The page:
His face flushes purple, he sits upright in his chair banging with his fist on the corner of the desk. "Now you're getting me all excited. . . . Bad for my stomach, bad for my heart." Phineas Blackhead belches portentously and takes a great gulp out of the glass of bicarbonate of soda. Then he leans back in his chair again letting his heavy lids half cover his eyes.
"Well old man," says Mr. Densch in a tired voice, "it may have been a bad thing to do, but I've promised to support the reform candidate. That's a purely private matter in no way involving the firm."
"Like hell it dont. . . . How about McNiel and his gang? . . . They've always treated us all right and all we've ever done for em's a couple of cases of Scotch and a few cigars now and then. . . . Now we have these reformers throw the whole city government into a turmoil. . . . By the Living Jingo . . ."
Densch gets to his feet. "My dear Blackhead I consider it my duty as a citizen to help in cleaning up the filthy conditions of bribery, corruption and intrigue that exist in the city government . . . I consider it my duty as a citizen . . ." He starts walking to the door, his round belly stuck proudly out in front of him.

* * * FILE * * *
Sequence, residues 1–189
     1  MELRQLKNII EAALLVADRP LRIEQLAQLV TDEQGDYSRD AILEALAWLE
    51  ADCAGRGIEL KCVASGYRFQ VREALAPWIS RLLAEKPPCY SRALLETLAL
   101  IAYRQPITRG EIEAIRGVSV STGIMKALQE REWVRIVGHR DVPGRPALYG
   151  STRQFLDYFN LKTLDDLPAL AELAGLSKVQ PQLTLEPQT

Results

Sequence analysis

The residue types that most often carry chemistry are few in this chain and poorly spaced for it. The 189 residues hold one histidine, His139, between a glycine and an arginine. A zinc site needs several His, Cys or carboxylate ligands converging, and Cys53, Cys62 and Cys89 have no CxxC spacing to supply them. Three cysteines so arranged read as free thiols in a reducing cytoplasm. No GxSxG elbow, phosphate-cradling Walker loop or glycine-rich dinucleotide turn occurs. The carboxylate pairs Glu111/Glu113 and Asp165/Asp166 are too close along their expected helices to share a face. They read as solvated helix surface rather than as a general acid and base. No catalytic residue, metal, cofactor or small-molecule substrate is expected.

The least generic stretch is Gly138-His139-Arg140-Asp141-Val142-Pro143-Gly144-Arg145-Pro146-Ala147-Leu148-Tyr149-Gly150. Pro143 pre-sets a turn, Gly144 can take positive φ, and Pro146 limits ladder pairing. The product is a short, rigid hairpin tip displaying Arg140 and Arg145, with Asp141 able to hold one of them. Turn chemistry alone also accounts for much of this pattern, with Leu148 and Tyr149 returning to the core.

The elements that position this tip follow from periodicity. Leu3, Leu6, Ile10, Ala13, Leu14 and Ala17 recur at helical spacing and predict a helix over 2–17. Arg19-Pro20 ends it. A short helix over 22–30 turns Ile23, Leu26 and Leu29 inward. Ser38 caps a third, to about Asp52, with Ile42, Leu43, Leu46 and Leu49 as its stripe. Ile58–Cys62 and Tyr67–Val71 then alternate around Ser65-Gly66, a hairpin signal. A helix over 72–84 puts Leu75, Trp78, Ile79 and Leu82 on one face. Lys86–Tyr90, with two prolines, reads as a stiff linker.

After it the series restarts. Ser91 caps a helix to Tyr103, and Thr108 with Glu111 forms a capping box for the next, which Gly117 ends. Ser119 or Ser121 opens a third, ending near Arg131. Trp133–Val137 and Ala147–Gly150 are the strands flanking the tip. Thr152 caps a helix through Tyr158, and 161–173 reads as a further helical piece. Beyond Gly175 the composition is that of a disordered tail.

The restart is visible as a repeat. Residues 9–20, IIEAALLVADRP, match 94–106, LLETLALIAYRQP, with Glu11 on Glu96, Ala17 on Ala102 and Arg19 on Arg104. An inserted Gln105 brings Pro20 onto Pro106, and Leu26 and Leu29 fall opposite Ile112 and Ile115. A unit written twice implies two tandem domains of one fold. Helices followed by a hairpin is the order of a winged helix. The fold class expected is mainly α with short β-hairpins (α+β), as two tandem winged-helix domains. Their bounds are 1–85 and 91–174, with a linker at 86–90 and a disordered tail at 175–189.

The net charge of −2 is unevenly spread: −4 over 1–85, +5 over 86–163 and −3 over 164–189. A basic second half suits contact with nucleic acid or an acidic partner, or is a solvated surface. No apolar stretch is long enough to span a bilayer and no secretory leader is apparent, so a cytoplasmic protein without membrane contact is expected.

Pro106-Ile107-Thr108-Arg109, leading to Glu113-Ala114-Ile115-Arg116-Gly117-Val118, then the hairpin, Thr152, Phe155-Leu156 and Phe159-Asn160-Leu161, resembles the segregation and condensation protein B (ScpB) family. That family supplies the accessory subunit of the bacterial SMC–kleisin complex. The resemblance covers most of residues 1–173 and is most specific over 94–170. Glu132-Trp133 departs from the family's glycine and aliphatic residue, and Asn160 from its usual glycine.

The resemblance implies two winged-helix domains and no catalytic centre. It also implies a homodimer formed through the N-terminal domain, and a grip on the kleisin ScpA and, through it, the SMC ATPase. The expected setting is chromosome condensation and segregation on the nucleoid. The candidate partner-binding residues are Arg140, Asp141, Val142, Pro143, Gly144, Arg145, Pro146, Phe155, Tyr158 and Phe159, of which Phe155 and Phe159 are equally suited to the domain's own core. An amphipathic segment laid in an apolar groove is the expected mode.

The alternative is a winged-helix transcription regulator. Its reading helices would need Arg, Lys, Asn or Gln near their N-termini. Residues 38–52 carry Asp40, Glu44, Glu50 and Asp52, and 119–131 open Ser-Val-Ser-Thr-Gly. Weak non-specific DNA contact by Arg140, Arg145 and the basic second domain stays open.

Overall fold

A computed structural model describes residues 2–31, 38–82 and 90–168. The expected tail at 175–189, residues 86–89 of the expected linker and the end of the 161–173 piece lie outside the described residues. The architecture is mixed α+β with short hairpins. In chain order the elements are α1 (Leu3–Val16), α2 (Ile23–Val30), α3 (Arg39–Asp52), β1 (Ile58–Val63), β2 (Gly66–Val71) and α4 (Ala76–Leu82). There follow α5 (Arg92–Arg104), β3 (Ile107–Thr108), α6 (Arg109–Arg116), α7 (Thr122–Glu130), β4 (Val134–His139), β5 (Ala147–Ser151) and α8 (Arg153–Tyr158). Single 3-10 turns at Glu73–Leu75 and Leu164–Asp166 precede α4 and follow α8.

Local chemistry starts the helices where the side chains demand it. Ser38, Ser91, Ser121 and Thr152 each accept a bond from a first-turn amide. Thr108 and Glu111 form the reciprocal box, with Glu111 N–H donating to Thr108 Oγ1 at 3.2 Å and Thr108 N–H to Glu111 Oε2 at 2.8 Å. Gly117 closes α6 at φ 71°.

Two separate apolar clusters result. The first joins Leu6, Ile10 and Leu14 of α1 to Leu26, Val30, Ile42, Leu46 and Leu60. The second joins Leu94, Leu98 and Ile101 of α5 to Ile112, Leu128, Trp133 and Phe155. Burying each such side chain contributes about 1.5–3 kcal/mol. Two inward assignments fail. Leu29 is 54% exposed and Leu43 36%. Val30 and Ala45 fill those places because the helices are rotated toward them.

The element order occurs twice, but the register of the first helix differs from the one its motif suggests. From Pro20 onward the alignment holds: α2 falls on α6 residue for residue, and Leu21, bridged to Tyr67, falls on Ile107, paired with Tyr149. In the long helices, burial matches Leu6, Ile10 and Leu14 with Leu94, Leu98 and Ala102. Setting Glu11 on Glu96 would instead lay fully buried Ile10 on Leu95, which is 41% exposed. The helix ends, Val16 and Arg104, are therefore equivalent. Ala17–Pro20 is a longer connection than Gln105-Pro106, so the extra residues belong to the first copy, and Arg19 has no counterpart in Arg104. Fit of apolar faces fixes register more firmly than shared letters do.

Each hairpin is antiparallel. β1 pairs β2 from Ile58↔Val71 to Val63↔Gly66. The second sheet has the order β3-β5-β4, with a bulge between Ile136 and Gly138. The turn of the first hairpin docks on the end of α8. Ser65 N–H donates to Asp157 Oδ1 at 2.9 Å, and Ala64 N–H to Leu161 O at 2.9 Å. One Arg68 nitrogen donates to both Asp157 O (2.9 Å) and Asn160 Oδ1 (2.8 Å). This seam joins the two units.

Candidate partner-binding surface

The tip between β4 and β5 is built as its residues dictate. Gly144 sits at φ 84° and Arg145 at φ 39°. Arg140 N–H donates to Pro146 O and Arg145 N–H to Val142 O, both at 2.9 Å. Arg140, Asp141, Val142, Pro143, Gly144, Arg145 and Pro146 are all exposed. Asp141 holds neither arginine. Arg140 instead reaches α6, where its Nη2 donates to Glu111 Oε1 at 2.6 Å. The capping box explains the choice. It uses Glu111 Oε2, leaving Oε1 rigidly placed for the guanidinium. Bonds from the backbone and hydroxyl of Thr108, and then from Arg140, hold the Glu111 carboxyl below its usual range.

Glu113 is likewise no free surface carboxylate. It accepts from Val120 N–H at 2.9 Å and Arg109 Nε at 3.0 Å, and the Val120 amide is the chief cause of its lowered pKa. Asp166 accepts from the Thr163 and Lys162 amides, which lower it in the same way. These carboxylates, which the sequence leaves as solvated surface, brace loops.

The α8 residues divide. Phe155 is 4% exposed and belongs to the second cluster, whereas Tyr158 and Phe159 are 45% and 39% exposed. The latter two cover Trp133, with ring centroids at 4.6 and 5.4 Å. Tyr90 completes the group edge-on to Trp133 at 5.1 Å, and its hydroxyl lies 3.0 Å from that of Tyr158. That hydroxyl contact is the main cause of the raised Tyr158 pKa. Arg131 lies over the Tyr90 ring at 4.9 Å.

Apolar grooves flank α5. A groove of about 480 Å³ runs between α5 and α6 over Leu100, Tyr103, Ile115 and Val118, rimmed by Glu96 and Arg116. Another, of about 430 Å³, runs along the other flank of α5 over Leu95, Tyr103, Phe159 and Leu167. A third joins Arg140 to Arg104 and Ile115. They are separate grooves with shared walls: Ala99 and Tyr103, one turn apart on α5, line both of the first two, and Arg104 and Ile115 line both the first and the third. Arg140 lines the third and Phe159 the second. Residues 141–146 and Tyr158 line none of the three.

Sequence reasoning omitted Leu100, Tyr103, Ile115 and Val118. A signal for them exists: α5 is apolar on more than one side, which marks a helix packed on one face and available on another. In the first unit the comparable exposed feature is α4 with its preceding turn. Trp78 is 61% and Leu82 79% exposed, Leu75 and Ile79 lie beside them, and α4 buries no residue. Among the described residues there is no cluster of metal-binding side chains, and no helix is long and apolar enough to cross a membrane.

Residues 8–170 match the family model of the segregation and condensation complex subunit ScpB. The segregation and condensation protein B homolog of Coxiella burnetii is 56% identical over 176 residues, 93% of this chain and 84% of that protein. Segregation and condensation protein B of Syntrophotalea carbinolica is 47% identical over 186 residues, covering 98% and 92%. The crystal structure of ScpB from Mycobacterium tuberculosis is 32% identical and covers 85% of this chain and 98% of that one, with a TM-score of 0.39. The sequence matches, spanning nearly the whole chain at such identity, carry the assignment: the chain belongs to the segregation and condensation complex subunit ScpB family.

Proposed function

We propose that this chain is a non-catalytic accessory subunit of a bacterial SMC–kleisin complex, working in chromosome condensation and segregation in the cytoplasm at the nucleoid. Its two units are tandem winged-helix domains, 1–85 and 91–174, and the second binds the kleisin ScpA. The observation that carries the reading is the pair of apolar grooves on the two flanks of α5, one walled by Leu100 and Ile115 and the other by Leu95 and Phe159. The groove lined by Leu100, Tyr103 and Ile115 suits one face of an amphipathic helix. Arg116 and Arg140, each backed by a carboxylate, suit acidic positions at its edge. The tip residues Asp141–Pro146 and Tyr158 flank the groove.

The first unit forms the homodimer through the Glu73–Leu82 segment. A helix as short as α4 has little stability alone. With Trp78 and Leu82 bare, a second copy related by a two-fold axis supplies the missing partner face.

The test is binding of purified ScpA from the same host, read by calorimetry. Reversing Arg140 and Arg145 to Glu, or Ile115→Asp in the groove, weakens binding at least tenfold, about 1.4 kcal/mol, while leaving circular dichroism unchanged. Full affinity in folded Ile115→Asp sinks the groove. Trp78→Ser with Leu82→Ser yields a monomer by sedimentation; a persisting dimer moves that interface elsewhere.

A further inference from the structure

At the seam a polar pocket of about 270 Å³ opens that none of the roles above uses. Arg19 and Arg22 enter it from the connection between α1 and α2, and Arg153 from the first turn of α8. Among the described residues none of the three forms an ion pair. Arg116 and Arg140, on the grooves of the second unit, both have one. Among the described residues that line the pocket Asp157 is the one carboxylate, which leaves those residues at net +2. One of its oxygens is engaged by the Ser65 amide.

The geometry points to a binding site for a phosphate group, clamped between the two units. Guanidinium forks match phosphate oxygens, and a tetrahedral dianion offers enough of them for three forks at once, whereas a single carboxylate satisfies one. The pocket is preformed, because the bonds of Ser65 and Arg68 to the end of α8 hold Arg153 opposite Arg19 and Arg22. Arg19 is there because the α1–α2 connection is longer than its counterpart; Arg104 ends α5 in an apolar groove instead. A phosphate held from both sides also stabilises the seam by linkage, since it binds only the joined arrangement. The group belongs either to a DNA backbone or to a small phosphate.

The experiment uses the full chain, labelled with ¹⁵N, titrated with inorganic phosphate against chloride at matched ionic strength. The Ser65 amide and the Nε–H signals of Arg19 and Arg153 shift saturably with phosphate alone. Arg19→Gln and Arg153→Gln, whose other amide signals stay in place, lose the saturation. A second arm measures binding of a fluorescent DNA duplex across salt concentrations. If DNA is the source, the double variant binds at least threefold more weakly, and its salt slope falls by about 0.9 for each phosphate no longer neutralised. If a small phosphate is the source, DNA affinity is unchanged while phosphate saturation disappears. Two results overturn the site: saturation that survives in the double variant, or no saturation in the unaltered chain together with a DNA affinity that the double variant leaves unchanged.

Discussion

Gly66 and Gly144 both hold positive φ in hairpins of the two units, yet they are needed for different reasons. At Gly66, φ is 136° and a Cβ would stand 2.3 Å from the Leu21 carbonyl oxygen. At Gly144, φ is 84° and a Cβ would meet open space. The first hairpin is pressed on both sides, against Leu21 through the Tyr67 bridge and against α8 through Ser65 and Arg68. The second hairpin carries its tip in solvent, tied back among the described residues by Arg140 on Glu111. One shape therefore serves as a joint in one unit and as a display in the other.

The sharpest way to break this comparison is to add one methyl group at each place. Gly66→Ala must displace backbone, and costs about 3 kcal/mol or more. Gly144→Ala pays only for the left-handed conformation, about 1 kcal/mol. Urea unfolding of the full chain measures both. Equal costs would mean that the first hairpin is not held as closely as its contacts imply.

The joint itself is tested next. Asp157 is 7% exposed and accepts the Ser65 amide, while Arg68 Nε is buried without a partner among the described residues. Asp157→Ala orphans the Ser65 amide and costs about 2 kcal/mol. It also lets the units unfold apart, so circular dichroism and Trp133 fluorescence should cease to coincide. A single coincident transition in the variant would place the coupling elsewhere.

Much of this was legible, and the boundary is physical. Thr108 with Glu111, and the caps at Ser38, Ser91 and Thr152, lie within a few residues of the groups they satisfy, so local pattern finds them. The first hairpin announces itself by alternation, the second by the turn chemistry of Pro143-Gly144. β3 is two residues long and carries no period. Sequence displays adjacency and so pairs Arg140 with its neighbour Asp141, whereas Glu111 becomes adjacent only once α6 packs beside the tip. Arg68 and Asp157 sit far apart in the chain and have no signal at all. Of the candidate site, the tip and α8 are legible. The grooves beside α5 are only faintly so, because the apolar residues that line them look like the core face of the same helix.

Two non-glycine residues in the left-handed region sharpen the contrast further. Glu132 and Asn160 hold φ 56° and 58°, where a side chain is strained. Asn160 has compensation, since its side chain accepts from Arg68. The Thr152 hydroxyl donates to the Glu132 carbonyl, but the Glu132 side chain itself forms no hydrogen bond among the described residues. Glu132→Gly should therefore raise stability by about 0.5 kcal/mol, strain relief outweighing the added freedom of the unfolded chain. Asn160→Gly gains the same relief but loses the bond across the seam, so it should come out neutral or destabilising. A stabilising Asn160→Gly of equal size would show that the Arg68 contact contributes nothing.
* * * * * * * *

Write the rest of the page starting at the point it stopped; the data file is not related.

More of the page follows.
"Well allow me to say Densch that I think its a damn fool proposition," Blackhead shouts after him. When his partner has gone he lies back a second with his eyes closed. His face takes on the mottled color of ashes, his big fleshy frame is shrinking like a deflating balloon. At length he gets to his feet with a groan. Then he takes his hat and coat and walks out of the office with a slow heavy step. The hall is empty and dimly lit. He has to wait a long while for the elevator. The thought of holdup men sneaking through the empty building suddenly makes him catch his breath. He is afraid to look behind him, like a child in the dark. At last the elevator shoots up.
"Wilmer," he says to the night watchman who runs it, "there ought to be more light in these halls at night. . . .